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The World Changes Forever in 'Oppenheimer' (2023)Written & Directed by Christopher Nolan/Grade: A+

Finally got to see Oppenheimer (2023) today, my most anticipated film after Indiana Jones and the Dial of Destiny (2023). What an incredible experience! If you are still contemplating whether to drive out to the theater to witness it, I would strongly advise you in that direction.

Essentially, the movie tracks the life of scientist J. Robert Oppenheimer (Cillian Murphy) and his role in the creation of the atom bomb, as well as the fallout after his invention was later used in Hiroshima and Nagasaki. That bare-minimum premise has been taken by writer-director Christopher Nolan (Inception, The Dark Knight), and turned into his first true masterpiece. Now I've always been a fan of Nolan- he's been one of my favorite filmmakers since I was a kid- but he's never previously made a film that I would consider to be utterly flawless. Here, from frame one, every aspect of his craftsmanship fires on all cylinders.

Let's start with the writing and editing, the latter beautifully done by Jennifer Lame (Hereditary, Marriage Story). Always one for non-linear storytelling, Nolan structures his movie in two chapters: "Fission", which is represented in full color and shows everything leading up to and following the creation of the first nuclear bomb, and "Fusion", which is shown in black-and-white, and primarily consists of court hearings for Oppenheimer and his cohorts. Not once was I ever lost as to where I was being led, or why. Not a scene was wasted, either, with every little detail serving to propel the story forward. There is such a clarity and confidence in the cutting and the screenplay, that the three-hour runtime was barely noticeable. I was taken along through this picture with as much captivation as if it was a thriller. Also, if Ms. Lame doesn't take home the Best Film Editing Oscar next year, I will revolt.

The technique also does not get in the way of the heart, and Nolan rightly keeps his subjects firmly centered here. Cillian Murphy, a regular of this director's work, turns in the performance of his career, one that will surely secure him a Best Actor nomination. He starts off very much as a man convinced of his ideas, consumed by the passion and intelligence to do what is necessary to bring them into existence. He's also quite the ladies' man, true to the real Oppenheimer's personality. His scenes with Jean Tatlock (Florence Pugh, in a small but impactful amount of screen time), or the courtship of his wife Kitty (Emily Blunt, doing her best work since A Quiet Place), sparkle with sheer electricity.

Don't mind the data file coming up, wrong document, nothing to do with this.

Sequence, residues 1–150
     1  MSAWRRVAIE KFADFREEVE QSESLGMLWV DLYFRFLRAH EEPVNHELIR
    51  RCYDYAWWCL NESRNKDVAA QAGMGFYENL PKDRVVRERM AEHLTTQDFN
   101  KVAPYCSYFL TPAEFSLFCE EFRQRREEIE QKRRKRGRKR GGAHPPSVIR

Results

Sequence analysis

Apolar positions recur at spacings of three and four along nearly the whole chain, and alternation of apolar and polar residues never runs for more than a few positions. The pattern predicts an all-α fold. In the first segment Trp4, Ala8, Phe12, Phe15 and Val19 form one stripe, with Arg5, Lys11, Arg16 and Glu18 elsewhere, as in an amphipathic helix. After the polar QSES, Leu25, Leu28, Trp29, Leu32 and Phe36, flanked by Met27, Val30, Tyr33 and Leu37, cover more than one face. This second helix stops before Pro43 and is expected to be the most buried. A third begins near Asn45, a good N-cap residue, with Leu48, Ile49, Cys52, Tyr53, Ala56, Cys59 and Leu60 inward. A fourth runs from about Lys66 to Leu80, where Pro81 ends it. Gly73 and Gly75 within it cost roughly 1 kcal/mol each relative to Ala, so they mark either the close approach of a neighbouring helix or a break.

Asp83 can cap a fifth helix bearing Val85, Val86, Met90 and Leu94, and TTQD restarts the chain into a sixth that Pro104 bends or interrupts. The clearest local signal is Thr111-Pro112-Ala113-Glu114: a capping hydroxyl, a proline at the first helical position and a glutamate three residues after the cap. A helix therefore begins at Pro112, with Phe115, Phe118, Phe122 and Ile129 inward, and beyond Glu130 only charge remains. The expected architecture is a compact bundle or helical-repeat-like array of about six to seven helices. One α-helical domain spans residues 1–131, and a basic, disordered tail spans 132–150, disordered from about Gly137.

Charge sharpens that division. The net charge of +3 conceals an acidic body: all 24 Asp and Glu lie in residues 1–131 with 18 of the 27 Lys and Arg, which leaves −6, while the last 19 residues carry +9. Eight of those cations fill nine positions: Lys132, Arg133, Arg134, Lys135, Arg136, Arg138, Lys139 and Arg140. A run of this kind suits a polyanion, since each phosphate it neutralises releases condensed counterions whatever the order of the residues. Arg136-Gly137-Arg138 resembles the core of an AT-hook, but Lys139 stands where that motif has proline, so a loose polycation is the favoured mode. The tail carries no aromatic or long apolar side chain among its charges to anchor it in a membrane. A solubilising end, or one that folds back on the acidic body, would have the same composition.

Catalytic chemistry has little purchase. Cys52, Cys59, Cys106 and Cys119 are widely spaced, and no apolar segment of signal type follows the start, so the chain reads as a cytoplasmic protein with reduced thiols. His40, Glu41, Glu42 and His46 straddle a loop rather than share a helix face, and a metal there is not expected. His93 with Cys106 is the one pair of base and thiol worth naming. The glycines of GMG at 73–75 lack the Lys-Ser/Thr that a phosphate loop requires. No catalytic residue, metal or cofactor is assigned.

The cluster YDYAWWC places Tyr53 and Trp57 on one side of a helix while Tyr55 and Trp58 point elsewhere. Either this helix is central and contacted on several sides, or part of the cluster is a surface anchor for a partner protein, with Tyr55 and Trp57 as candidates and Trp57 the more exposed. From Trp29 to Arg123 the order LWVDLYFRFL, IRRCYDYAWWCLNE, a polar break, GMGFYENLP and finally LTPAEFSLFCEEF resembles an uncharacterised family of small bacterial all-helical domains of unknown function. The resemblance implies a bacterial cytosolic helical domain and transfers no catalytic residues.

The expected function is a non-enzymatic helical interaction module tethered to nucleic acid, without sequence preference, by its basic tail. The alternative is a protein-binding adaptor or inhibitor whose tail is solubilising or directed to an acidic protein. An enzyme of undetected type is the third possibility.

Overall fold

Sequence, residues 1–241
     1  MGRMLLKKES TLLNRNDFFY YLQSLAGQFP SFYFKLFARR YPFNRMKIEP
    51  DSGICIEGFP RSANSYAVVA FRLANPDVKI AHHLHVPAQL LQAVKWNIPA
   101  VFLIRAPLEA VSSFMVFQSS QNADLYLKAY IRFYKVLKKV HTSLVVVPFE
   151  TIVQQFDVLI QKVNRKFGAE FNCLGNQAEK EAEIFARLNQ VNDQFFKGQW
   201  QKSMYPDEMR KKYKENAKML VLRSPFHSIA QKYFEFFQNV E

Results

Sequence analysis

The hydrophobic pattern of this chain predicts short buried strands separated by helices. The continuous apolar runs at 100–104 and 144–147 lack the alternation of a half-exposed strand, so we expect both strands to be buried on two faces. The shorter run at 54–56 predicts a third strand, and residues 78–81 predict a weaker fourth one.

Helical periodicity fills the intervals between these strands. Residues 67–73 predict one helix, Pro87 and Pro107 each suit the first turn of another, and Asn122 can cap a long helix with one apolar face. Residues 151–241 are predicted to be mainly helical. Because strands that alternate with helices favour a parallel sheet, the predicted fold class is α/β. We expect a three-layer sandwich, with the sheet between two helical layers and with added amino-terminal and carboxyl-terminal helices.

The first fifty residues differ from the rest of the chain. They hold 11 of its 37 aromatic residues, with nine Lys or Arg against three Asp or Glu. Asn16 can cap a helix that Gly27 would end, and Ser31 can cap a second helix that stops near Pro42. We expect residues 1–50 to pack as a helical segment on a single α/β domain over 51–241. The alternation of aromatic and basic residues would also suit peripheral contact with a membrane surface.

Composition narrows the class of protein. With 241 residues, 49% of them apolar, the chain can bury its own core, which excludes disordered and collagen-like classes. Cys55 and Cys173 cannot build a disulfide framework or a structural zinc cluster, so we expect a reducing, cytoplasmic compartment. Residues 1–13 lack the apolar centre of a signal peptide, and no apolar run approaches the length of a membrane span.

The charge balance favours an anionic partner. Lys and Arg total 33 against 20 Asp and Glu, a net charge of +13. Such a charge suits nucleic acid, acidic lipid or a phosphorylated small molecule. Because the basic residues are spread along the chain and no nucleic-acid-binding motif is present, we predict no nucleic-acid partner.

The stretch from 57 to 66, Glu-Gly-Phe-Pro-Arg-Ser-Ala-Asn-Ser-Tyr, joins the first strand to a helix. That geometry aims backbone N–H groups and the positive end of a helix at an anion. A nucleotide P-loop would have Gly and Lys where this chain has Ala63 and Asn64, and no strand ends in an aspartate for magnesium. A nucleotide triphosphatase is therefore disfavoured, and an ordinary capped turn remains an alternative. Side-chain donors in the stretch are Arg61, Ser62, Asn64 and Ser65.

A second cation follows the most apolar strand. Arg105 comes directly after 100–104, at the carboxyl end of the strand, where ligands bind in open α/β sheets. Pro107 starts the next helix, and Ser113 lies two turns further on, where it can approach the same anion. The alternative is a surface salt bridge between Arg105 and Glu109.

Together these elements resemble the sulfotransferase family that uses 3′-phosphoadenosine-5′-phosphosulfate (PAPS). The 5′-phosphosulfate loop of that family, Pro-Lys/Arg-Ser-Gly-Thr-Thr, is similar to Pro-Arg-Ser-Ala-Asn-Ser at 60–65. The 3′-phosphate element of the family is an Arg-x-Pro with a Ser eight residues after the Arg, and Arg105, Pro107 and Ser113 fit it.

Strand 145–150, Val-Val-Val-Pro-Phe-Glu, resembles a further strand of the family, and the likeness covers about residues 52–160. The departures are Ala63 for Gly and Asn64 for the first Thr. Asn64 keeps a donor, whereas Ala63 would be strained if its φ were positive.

As events progress, however, and Oppenheimer begins to experience the fuller weight of his invention, Murphy exhibits a conflicting range of emotions that make him incredibly easy to identify with, to feel Oppenheimer himself must have felt. No amount of dialogue this actor has to deliver, good as it is, surpasses his ability to make us understand him with just a look in the eyes, or how he holds himself. It's a landmark performance.

I also give immense credit to Hoye van Hoytema's immaculate cinematography. Having worked with Nolan before on Interstellar (2014), Dunkirk (2017) and Tenet (2021), he knows how to achieve the large-scale wow factor his most frequent collaborator looks for. What's more impressive here is how intimately close up with the characters the camera is. The IMAX format Nolan often shoots with is used here to emphasize the weight of everyone's internal journeys, not just the spectacle on-screen (though it is awe-inspiring). No matter what the shot size, no matter how the camera moves, Hoytema knows exactly how to frame his images so we are with these people every single step of the way.

A large part of that immersive effect is also due to two additional key elements: the sound design by Richard King (who won a Best Sound Editing Oscar for The Dark Knight), and the intense score by Ludwig Goransson (Black Panther). Something about both of these elements so brilliantly hammers home not so much what we should feel, but the seismic consequences of Oppenheimer's actions, and the effect those consequences have on those around him. It made me feel almost like I was inside the film, experiencing all of this myself.

I know I had quite effusive things to say about Asteroid City (2023), Wes Anderson's latest, but this... oh boy, this is a whole other ball game. Oppenheimer is not a feel-good film, but it shows Christopher Nolan utilizing the full breadth of his and his team's talents, to give a totally comprehensive experience through the most central passages of this man's life. The movie of the year, it is.

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